Just yesterday, I found myself driving home from work. The clock was on, for I had to pick up my two eldest kids from school.
I was driving about 58 MPH down a 50 MPH stretch of road..
Whoa, if you're from the law-enforcement community, then I wish to amend my statement.
I was traveling at about 48 MPH down a 50 MPH stretch of road--and I had my seat belt on too, damn you, and I was NOT listening to NWA's "F*** the Police."
Nonetheless, the story proceeds as follows:
I'm tooling down the street (in my six-fo), when all of a sudden my wheel jerks and things get really bumpy.
My first thought was that I blew a tire.
My second thought was that Al Quaida had fired an RPG at men and missed only narrowly.
I used Occam's razor to conclude that I indeed had a blown-out tire, so I flipped on my hazards, slowed down, and made my way to the right hand shoulder.
However, there is no shoulder on the street--at least where I was--, so I drove a few dozen yards to where the street had a turn onto a perpendicular street, and there I stopped.
I emerged from the car, and it took less than a glance to see that, indeed, my tire had blown.
It was at this moment that I said several words that I chose not to repeat on this blog. If you wish to hear them, then go to Youtube and look up George Carlin's Seven Words You Can't Say on TV: http://www.youtube.com/watch?v=3_Nrp7cj_tM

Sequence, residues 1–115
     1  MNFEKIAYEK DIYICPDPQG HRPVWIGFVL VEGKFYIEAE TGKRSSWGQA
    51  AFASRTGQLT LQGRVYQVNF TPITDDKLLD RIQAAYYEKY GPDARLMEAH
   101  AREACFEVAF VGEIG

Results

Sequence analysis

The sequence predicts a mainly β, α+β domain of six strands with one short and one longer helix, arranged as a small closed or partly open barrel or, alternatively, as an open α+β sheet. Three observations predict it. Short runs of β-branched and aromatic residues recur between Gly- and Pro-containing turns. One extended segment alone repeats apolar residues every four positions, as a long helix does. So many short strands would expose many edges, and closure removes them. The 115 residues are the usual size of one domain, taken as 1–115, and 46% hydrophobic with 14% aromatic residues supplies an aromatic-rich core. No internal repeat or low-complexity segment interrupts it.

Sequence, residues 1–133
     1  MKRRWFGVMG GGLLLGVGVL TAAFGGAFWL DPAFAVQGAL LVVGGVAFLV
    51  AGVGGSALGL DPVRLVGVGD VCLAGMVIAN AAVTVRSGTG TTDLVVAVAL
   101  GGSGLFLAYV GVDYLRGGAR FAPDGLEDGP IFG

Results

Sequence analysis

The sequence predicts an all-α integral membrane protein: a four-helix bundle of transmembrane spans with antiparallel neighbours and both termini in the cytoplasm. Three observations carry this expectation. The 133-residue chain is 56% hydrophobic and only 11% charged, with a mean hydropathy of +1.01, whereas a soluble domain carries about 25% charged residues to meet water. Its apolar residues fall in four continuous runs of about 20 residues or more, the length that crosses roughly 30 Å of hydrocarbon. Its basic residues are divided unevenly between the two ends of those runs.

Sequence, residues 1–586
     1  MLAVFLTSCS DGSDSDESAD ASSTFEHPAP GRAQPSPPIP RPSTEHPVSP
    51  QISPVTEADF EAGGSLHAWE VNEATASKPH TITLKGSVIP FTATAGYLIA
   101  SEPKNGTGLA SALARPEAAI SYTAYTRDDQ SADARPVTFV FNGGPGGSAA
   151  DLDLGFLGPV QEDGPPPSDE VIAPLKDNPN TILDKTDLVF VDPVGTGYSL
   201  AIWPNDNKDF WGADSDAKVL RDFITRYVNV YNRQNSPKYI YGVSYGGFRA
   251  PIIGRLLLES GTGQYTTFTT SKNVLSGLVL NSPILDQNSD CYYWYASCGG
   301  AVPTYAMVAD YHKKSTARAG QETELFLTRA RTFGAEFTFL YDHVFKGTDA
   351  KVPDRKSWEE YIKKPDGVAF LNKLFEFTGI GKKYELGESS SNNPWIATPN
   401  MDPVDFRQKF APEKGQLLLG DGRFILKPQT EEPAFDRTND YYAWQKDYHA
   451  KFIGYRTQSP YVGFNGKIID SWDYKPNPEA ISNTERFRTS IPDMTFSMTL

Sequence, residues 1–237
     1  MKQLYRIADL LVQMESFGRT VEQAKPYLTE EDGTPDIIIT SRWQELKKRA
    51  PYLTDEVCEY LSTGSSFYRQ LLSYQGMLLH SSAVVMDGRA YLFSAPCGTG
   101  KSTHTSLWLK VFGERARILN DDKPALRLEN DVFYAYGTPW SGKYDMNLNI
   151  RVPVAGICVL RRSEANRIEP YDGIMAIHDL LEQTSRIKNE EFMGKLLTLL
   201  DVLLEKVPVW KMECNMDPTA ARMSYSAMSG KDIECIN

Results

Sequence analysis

The main problem (at this point) was that the blown tire was on the driver's side.
This meant that, in order to change the tire, I would have to be positioned in harm's way.
I mulled it over, considering how much I was worth to my family in terms of insurance, but finally decided that I could not bear to miss the series finale of The Office, so I called the cops.
I told them that I had a flat tire and that I was on a busy road, so I would appreciate an officer behind me with his lights on so that I could change my tire with less fear of death.
10 minutes later, the officer arrived.
When I showed him my tire, he said, "Jesus Christ!"
That is enough to say how screwed up was my tire.
So I changed the tire, said, "Thank you," to the officer, and drove away--a mere six miles from home.
However, about three miles later, I felt a jerk/shimmy that reminded me of thirty-minutes before.
I said some un-utterable words and phrases as I pulled over to the shoulder (thank God, this road had a shoulder!).
I stepped out of my car and took a look at the spare that I had put on no more than 8 minutes earlier.
It was blown. Kaput. Demolished.
It's at this point that I shouldn't even imply that I said some bad words.
That's how bad those words were.
They said things about you, your mother, and your infant child.
I was pissed!
I ended up having to call AAA (since I didn't have anymore freakin' spares), and they arranged for a tow truck to take me to a tire dealer (it only took 90 minutes!).
At any rate, I got a new tire and made it home a full three hours late.